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B.C. experiencing higher levels of invasive group A streptococcal infections in children

British Columbia experiencing higher levels of invasive group A streptococcal (iGAS) infections.
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British Columbia is experiencing higher levels of invasive group A streptococcal (iGAS) infections compared to historical averages, particularly among children. While much less common than other causes of seasonal illness in children, there have been 51 cases of iGAS in 2023 for people under the age of 20, over twice as many as expected. In comparison, there were 20 cases in this age group in 2022. 

Bacteria known as Streptococcus pyogenes, group A, typically cause mild illnesses such as strep throat or impetigo, a skin infection. While most people will recover with antibiotics, these infections can become more dangerous when the bacteria invade the lungs, blood, or spread along the tissue surrounding a muscle. 

These more severe illnesses are known as iGAS infections and can cause pneumonia or sepsis and include conditions such as toxic shock syndrome and necrotizing fasciitis. These conditions can be life-threatening. People with chronic illnesses such as cancer, diabetes, and chronic heart or lung disease, and those who use medications such as steroids, are at higher risk. 

While serious infections remain extremely rare, BC Centre for Disease Control and BC Children’s Hospital are advising families to be aware of symptoms of concern, and when they should seek clinical care for their infant or child.

iGAS infections can sometimes develop after a viral respiratory illness. Parents of children who have been recently ill can monitor for one or more signs of severe infections such as:
  • A fever for more than 5 days in a child of any age 
  • Fever with either a fine red rash (sandpaper-like texture), full body rash similar to sun burn in appearance, and/or red, swollen tongue
  • A fever in a child under 3-months of age, a child with immune system issues or complex chronic health conditions
  • Child is working hard to breathe (e.g. chest appears to sink in just above or below the breastbone with each breath, you may hear grunting or notice the head bobbing with each breath in a young infant)  
  • Pale skin, whitish or blue lips
  • Very sleepy or having difficulty waking up
  • Child becomes very sick, very quickly
If a child is experiencing these symptoms, seek medical care right away by visiting your nearest emergency department or urgent and primary care centre, if available in your community. 

Rates of iGAS infections have been increasing in B.C. since 2016, where there were 303 cases reported in B.C. across all age groups at a rate of 6.2 cases per 100,000 people. In 2022, there were 466 cases across all ages. There have been 547 cases to date in 2023 at a rate of 10.1 cases per 100,000 people.

Several other countries and regions in Canada have also seen a higher frequency of these infections in children.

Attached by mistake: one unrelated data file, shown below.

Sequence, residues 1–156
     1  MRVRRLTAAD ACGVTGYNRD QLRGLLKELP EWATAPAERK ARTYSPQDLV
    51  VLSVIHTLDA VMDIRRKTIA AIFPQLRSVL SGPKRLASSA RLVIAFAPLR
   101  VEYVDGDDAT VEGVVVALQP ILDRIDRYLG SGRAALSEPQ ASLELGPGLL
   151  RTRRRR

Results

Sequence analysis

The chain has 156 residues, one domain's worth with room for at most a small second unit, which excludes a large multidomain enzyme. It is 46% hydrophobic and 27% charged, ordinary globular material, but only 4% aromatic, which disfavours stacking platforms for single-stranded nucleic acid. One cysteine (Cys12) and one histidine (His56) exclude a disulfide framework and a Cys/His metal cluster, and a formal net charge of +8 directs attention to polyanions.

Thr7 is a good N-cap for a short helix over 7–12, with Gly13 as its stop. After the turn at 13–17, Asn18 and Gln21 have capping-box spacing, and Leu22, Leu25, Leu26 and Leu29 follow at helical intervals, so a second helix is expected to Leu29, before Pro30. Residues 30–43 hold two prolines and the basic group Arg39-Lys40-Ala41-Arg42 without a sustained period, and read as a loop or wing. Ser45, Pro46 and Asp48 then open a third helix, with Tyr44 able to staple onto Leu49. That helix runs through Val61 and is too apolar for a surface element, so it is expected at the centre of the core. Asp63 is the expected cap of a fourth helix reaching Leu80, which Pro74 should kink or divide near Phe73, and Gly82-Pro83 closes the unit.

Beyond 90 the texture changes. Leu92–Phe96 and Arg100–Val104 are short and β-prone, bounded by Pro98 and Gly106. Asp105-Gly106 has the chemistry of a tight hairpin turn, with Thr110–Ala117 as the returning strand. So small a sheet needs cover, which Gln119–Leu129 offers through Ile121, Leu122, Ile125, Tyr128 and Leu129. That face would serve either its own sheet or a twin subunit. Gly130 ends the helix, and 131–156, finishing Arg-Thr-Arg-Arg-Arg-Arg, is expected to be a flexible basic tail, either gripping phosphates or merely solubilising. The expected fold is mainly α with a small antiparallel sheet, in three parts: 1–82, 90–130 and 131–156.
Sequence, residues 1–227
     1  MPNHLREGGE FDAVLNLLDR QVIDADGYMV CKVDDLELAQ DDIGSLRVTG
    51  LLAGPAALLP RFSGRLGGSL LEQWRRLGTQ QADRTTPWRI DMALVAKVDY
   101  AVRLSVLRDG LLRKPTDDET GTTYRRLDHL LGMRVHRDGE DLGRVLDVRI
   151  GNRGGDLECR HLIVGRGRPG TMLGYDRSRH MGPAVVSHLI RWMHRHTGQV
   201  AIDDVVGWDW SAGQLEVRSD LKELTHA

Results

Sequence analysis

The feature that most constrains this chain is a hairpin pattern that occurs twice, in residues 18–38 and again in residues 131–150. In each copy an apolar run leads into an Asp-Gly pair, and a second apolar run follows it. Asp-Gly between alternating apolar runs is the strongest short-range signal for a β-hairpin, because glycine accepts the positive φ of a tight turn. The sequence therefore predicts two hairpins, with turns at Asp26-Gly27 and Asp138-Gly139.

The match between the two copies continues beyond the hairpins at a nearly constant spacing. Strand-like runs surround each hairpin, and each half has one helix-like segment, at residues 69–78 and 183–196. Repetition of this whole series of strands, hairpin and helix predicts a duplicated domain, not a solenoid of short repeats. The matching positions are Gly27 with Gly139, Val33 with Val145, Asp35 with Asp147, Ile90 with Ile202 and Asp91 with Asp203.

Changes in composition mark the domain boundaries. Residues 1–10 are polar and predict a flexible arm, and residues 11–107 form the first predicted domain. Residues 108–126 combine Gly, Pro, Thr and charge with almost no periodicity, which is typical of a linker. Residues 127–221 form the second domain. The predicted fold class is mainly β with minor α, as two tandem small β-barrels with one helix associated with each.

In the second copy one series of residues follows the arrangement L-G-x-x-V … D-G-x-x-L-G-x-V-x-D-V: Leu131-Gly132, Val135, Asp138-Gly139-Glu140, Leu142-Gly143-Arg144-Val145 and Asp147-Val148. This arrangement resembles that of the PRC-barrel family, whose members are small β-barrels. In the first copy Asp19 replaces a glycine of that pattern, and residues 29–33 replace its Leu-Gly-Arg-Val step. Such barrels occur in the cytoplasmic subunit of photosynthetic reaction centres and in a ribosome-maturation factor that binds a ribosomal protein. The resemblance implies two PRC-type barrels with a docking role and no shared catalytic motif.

While there is no vaccine to prevent group A streptococcal infections, there are things you can do to prevent illness in general including:
  • Clean hands regularly
  • Clean wounds and watch for signs of infection
  • Stay up to date on your immunizations including getting the updated COVID-19 and flu vaccines
  • Stay home when sick to prevent the further spread of illness.
In some cases, antibiotics are recommended for people living in the same household as someone with an iGAS infection.

If you have questions, contact a healthcare provider, or call HealthLinkBC at 8-1-1 for free healthcare guidance, available 24/7.

The BC Centre for Disease Control, a part of the Provincial Health Services Authority, provides public health leadership through surveillance, detection, treatment, prevention and consultation services. The Centre provides diagnostic and treatment services for people with diseases of public health importance, and analytical and policy support to all levels of government and health authorities. The BCCDC also provides health promotion and prevention services to reduce the burden of chronic disease, preventable injury and environmental health risks. For more, visit or follow us @CDCofBC.

BC Children’s Hospital, a program of the Provincial Health Services Authority provides expert care for the province’s most seriously ill or injured children, youth and young adults, including newborns. Child and Youth Mental Health provides a diverse range of specialized and one-of-a-kind tertiary mental health and substance use services for children, adolescents and young adults across the province. For more information, visit or follow us @BCChildrensHosp.

The Provincial Health Services Authority (PHSA) provides specialized health care services and programs to communities across British Columbia, the territories of many distinct First Nations. We are grateful to all the First Nations who have cared for and nurtured this land for all time, including the xʷməθkwəy̓əm (Musqueam), Sḵwx̱wú7mesh Úxwumixw (Squamish), and səlil̓w̓ətaɬ (Tsleil-Waututh) First Nations on whose unceded and ancestral territory our head office is located. We work in partnership with other B.C. health authorities and the provincial government to deliver province-wide solutions that improve the health of British Columbians. For more information, visit or follow us @PHSAofBC

Media contact
Heather Amos
BCCDC Communications
778.984.1301 |
PHSA Media line: 778.867.7472




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